When my boys were younger, I was very involved in activities at their grade school. I was even a Cub Scout leader for 10 years. Currently, I help out at my son’s high school, and I’m pretty involved at my Church. One hobby I particularly enjoy is singing – I have been a member of the Community Chorus for many years. I’m also an avid reader and movie-goer.

Tell us more about what these activities mean to you!

I think it’s important to try to find balance and explore a variety of interests. Singing, reading, going to movies, volunteering at school and Church, all help keep me sane!

You can learn more about the College of Education along with our undergraduate and graduate programs by visiting us online!

Social Studies Embedded In Our Lives

10012162166_cde34d427e_bBy Lupe Serna

Growing up, my least favorite subject in school was always social studies. I didn’t enjoy it, it never stuck with me, I just knew I had to take it. I would take notes, study the material, take the test, and then eventually forget most of what I “learned.”

Of course, now I realize I must have never really learned it but, rather, memorized it.

The thing is, I always associated social studies with history, specifically, American history. That’s all it ever was to me. And, quite frankly, it was boring. I heard the same story over and over again each year. But even that wasn’t enough to learn it. You would think that after so many years of being taught the same parts of history something would stick with me. But that was not the case.

As a Spanish-speaking, Mexican immigrant, I could not relate to the material. I was not able to personally connect with, much less engage in, social studies class. Perhaps that’s why I always wrongly associated social studies with history, because I never saw myself reflected in the class content. As a result, I wasn’t able to take the material and apply it to my own life, I wasn’t able to make the necessary connection between the content and reality, I couldn’t partake in authentic intellectual work.

As a future educator, I now realize that that has been the traditional approach to teaching social studies for quite some time now. Fortunately, it doesn’t have to be like that. We have the power to change it.

By taking different, non-traditional approaches to the teaching and practice of social studies, students’s retainment of material and ability to explain it highly increases.

If students feel connected to the material, if they see themselves reflected through the content and are fully engaged participants in their own learning, they are more likely to retain what they learn in the classroom and carry it with them to use those skills and strategies in the outside world.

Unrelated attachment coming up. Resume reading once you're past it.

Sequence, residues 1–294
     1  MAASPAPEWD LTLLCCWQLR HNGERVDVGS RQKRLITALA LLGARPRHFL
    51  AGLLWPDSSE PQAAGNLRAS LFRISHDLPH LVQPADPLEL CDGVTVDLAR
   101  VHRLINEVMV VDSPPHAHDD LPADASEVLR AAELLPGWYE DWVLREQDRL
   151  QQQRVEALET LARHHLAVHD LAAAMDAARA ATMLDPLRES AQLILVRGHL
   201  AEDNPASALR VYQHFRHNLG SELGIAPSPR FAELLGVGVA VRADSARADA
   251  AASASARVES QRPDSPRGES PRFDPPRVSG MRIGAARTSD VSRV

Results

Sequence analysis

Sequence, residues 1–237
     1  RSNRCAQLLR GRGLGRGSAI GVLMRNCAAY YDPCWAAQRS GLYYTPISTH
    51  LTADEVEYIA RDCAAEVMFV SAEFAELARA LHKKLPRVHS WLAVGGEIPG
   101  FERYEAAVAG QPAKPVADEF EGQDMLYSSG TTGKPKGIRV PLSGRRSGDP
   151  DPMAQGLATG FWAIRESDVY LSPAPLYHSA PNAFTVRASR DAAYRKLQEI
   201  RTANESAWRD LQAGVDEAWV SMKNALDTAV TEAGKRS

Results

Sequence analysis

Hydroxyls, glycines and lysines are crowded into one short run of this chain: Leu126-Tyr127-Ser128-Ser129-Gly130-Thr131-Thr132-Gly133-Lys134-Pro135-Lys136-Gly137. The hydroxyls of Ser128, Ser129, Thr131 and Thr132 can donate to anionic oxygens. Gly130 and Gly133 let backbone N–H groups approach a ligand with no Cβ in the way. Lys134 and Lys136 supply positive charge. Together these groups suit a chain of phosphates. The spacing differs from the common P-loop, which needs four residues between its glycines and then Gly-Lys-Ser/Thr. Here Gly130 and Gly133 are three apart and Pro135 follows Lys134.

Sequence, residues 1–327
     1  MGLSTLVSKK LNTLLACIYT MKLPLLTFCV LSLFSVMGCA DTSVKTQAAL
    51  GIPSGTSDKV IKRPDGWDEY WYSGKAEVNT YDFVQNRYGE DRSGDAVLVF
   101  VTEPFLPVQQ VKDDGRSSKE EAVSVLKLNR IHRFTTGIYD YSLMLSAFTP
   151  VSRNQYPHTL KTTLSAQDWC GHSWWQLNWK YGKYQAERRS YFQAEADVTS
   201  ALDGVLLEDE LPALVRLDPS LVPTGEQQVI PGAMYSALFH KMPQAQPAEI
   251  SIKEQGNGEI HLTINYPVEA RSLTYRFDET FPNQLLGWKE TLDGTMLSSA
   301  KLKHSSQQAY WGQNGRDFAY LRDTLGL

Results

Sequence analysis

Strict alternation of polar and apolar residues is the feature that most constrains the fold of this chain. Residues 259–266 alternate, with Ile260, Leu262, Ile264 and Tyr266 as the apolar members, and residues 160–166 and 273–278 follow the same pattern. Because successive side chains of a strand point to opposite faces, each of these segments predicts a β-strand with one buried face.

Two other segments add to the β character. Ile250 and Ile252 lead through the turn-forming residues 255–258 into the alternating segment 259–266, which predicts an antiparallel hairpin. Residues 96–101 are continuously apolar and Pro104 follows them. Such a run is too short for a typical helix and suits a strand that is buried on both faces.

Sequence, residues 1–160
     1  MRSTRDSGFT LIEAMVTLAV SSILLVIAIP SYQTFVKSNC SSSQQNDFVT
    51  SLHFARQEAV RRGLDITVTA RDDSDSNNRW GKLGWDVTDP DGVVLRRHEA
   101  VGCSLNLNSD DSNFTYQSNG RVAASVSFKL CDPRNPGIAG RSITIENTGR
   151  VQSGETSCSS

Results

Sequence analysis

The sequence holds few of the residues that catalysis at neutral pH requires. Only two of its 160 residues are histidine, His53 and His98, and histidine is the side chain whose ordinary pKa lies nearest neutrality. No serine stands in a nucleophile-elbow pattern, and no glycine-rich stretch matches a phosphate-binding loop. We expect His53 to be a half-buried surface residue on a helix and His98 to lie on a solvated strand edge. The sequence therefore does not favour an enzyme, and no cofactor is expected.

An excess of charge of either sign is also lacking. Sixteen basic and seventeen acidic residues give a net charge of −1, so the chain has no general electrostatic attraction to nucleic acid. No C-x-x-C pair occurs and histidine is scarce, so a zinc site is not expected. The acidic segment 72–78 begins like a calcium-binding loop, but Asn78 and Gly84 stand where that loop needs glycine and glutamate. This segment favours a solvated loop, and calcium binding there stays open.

In other words, authentic intellectual work of social studies is constructing knowledge and being able to transfer that understanding into different aspects or situations in our lives.

What exactly does this mean for the classroom?

Authentic intellectual work means that students do so much more than just learn the material or attain knowledge. It means students actually understandthe material. Not only that, they take it a step further than understanding and they, one, discover the content’s value beyond school and, two, take that disciplined inquiry and apply it in their lives.

But before I go on, it is important to clarify what social studies actually consists of.

There really is no set definition for social studies. Usually, when people hear the word social studies, they think of history, politics, geography, and international relations. At least, that’s what I always thought of.

Not many realize that social studies is so much more than just history. Social studies includes topics such as personal idenity, culture, race, language, religion, community involvement, social justice, civil plans and so much more. In a nutshell, social studies includes anything and everything relating to the human society and social relationships.

For the most part, we don’t really think about social studies as something we do. Surprisingly enough, we do in fact “do” social studies on a daily basis, at times when we least expect it. We do social studies by something as simple as interacting with members in our community, actively responding to current events or natural disasters, fundraising money for organizations or our own communities, acting or taking part in a school play that reenacts a moment in history, partaking in civil rallies demanding social justice, etc.

Take, for example, the many times throughout history when civilians have reacted to and spoken out against social injustices by taking to the streets to protest. It happened back during the Civil Rights Movement and it continues to happen today, the most recent example of nation-wide protests being those held to call for the protection of the Deferred Action for Childhood Arrivals (DACA) program. In protests like these, participants “do” social studies in the following ways: